We decided to begin our visit with Buzzsaw (#2408), now the only attraction in what was and is still (technically) the themed town of Gold Rush. The only Maurer Rides SkyLoop in the southern hemisphere has been installed adjacent to the car park, and it certainly looks impressive. Unfortunately the onboard experience is not good, especially when compared to the similar footprint ride installed at the park up the road just three months later. The programme starts with an extremely unsettling inversion that is more terrifying than fun, and continues with a drop that would be fairly decent were it not for the side-to-side shuffle experienced as the train approaches full speed. The backward and forward drops that follow both deliver passable airtime, but they are quickly forgotten as the train engages the stop mechanism with a brutality akin to a collision with a brick wall. Once was more than enough.
The highlight of our day was always going to be the magnificent Giant Drop, which today had a ten minute wait. While standing in line I found myself thinking about my favourite amusement rides in Australia, and in particular how we were queuing for what is now the only entry from Dreamworld in my personal top ten, indicating a once proud park that was stagnating even before the accident. The western side of the tower was out of use today, apparently for maintenance reasons though likely also at least in part to avoid giving visitors a birds-eye view of the closed off area. The eastern side was running perfectly, though, and I could easily have spent the balance of the day riding over and over again.
There were other things on the list, however. We had intended to skip over Mick Doohan's Motocoaster but decided to give it a go when we spotted that it only had a one train wait. This cost us several minutes of our lives that we'll never get back; the ride was slow, the train rattled a lot, and the seating position was uncomfortable. The restraint design wasn't as bad as it might have been, though it still required quite a bit of contortion to climb on board. I've since learned that the ride came second last in a respected enthusiast poll some years ago, and while that rating is perhaps a little harsh it nevertheless reflects the fact that Intamin's motorcycle coaster design is not one of their finer product offerings.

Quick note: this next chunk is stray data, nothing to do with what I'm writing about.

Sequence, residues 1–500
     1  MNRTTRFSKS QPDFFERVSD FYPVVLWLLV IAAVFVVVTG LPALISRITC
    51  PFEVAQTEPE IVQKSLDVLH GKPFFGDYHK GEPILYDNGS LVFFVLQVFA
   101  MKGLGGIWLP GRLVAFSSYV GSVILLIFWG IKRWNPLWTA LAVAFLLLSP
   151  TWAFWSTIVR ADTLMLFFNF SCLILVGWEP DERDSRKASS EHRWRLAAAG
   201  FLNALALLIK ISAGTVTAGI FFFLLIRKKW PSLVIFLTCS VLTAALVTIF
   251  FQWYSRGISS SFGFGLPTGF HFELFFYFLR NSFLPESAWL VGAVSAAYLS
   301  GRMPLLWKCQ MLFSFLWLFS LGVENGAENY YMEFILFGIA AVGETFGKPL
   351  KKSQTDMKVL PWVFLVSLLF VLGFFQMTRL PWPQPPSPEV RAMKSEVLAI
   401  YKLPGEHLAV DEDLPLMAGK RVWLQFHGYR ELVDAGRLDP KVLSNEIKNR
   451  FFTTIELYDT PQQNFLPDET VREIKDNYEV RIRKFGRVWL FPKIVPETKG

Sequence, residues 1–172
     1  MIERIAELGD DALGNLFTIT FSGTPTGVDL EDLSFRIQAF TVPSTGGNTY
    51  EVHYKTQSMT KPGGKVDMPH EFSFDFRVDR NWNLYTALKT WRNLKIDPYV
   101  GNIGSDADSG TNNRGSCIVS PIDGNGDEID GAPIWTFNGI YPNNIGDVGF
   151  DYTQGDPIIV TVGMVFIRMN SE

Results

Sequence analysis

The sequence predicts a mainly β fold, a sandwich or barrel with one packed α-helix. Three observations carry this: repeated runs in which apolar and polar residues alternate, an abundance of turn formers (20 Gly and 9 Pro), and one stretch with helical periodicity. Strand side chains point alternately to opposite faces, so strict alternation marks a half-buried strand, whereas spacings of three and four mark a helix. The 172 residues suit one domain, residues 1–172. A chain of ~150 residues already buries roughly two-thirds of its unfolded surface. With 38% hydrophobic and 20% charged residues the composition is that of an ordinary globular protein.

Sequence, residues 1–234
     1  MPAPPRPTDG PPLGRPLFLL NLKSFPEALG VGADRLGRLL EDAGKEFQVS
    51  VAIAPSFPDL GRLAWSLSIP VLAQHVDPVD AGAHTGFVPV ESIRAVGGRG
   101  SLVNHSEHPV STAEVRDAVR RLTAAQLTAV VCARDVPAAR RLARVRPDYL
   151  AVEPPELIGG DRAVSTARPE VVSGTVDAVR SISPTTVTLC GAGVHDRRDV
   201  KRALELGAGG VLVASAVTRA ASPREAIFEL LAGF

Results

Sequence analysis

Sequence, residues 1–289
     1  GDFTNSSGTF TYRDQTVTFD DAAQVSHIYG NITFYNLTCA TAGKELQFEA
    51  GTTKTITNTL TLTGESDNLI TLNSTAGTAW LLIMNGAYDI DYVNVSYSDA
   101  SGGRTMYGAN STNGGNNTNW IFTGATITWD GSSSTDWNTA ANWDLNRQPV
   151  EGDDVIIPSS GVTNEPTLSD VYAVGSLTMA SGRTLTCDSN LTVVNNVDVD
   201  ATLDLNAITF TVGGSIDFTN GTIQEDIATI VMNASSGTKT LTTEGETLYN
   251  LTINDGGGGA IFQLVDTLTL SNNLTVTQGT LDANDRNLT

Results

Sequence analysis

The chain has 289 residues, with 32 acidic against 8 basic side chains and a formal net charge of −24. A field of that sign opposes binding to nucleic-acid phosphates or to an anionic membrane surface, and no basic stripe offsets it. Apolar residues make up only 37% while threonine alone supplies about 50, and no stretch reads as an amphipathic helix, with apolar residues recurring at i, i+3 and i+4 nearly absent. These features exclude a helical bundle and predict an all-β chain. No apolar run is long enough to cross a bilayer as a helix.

Megan had been talking excitedly about renewing her acquaintance with the Big Red Car dark ride from the day that we'd booked our trip to Australia, making it a vital (and quite possibly critical) hit that I decided to endure in the interests of a peaceful life. The one memorable portion of the experience was when we were asked to wake up Jeff by yelling at top volume, which earned us an enthusiastic thank you followed by a cheerful song. This seemed more than a little unrealistic; we'd have expected such cruelty to induce a murderous rage. (Personally I feel that placing all those even peripherally involved in the creation of The Wiggles into a Hunger Games-style contest would arguably benefit humanity as a whole. But I digress.)
The ride once known as Cyclone was re-themed into Hot Wheels Sidewinder at the end of 2015, and as part of the change it was given a new Vekoma train with soft vest restraints and onboard audio. The latter was out of service today, though that was actually a fringe benefit as it allowed us to fully appreciate a wide range of exceptionally colourful metaphors courtesy of James in the car behind. The lack of rigid overhead harnesses makes the ride marginally less uncomfortable than it used to be, but it still has a number of decidedly suspect moments, not least the climb out after the first drop which features a sharp left turn that looks every bit as painful as it is.
I decided to keep my feet on the ground while James and Megan went for quick flight on Tail Spin, a Gerstlauer Sky Fly that was under maintenance on our last visit to the park in 2015. They both ended up in middle seats, and neither of them managed to flip their cars, apparently because it's far easier to catch the wind in the front row. Megan subsequently described her ride as a total failure, and she's determined to practice over the next few years to avoid a repeat.
With that done we finished out our day with three circuits on the Tower of Terror II, once in the back and twice in the front. The car was only making it about half way up the tower today, but the floating airtime was still great, and I really enjoyed the incredible noise of the launch mechanism (though I do appreciate that it probably gets old for those who work at the park). One wonders whether it might be possible to retrofit this ride with a more modern propulsion system to allow it to reliably reach maximum height; personally I'd love the opportunity to experience Tower of Terror III at some stage.